G.P. from New Haven County writes:
Dear Mister Condo,
One dog owner in our condominium development allows her dog outside off leash several times a day. The owner carries the leash in her hand, but it is not always attached to the dog. In addition, she throws a ball across the street, sending the dog after it, as an exercise for the dog. The dog, while not a biter (yet) has threatened elderly and frail neighbors. Several residents have stopped walking in the area where this dog lives. The owner refuses to comply with “dog on a leash” rule, and she has paid fines. How can this problem be rectified?
Mister Condo replies:
G.P., I am sorry that you are having a problem enforcing your community association rules and that this unit owner has decided to test your resolve by not following the rules. This is an anti-social behavior that is best remedied by applying the penalties for breaking the rules. Keep in mind that rules must be enforced against ALL unit owners and residents. You cannot single out this one rule-breaker and selectively enforce the rule. Your by-laws should outline what is and isn’t allowed and what penalties are called for when the rules are broken. If either of these things isn’t true, you will need the Board to vote the necessary changes into place. In Connecticut, the first time the rule is broken, the offending unit owner is asked to meet with the Board during the next regularly scheduled meeting to explain their side of the issue. In this case, the owner would be asked why they are allowing their pet to roam freely in direct violation of the association rules. The owner has a chance to reply and then the Board is free to impose a fine for the rule violation and does not need to summon the owner for future violations of the same rule. They can issue fines for each and every occurrence. If the fines are not paid, they can seek relief via collection activities up to and including foreclosure. This, of course, is a worst case scenario. Ideally, once summoned before the Board and fined, this unit owner will simply begin to follow the rules.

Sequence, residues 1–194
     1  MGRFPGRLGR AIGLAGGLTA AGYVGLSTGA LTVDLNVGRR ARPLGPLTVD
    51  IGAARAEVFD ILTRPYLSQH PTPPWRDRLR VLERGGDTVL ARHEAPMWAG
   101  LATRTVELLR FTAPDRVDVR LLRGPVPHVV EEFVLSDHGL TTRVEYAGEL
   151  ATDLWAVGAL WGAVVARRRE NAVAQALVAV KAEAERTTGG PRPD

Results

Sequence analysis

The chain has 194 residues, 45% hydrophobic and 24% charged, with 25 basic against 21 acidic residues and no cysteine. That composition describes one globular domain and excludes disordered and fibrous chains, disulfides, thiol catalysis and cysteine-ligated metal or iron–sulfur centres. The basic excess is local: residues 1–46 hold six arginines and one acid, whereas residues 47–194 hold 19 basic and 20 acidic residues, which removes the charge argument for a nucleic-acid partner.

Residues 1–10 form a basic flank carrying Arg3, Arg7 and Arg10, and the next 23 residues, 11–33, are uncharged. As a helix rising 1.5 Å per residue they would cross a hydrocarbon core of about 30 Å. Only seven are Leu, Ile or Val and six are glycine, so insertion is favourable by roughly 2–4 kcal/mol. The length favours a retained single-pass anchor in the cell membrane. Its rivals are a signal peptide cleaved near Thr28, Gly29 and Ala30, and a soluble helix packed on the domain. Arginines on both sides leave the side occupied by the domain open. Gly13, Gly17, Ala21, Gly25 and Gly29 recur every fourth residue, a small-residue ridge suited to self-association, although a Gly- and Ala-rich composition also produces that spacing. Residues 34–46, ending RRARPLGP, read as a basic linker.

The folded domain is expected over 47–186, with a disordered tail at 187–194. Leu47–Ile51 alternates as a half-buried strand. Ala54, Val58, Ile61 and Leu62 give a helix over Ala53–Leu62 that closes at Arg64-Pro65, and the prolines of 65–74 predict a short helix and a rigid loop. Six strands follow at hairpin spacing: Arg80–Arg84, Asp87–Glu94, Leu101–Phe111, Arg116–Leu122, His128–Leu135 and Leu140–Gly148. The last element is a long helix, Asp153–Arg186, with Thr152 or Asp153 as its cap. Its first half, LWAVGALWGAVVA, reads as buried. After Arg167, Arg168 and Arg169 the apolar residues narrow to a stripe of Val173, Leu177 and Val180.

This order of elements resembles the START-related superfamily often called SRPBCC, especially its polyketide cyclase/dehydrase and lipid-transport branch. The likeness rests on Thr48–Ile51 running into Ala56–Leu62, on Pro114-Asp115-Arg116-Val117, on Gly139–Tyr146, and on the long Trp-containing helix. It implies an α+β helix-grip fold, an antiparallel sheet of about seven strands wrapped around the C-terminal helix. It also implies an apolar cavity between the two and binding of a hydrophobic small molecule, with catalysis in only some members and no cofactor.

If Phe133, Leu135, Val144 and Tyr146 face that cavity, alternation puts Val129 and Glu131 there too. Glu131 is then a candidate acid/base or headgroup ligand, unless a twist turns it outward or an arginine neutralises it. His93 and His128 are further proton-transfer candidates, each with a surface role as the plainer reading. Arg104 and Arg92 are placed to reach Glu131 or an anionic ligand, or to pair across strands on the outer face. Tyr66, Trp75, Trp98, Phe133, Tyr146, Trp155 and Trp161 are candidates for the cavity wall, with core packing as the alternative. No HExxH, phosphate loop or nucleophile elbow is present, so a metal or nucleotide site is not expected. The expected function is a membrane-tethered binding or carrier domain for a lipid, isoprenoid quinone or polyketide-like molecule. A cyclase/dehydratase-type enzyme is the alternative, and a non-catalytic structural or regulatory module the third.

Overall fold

You have indicated that this unit owner is regularly being fined and seems to have no problem with the fines. My advice would be to change your fining system so that the unit owner does, in fact, have a problem with the fines. If the fine is paltry (say, $5 or $10) then the fine is ineffective. Perhaps a more aggressive or escalating fine system is in order. For instance, $25 for the first offense, $50 for the second offense, $100 for the third offense, $500 for subsequent offenses. I am guessing that at some point, you will have this person’s attention and the fines will either not be paid, at which time the association can begin collection and possible foreclosure action OR the behavior will change, which is the goal. If you have a pet-friendly association where everyone else is following the rules, my guess is that you can train this unit owner to play nicely. Your escalating fine system may be just the admonishment this owner needs to be a “good girl”.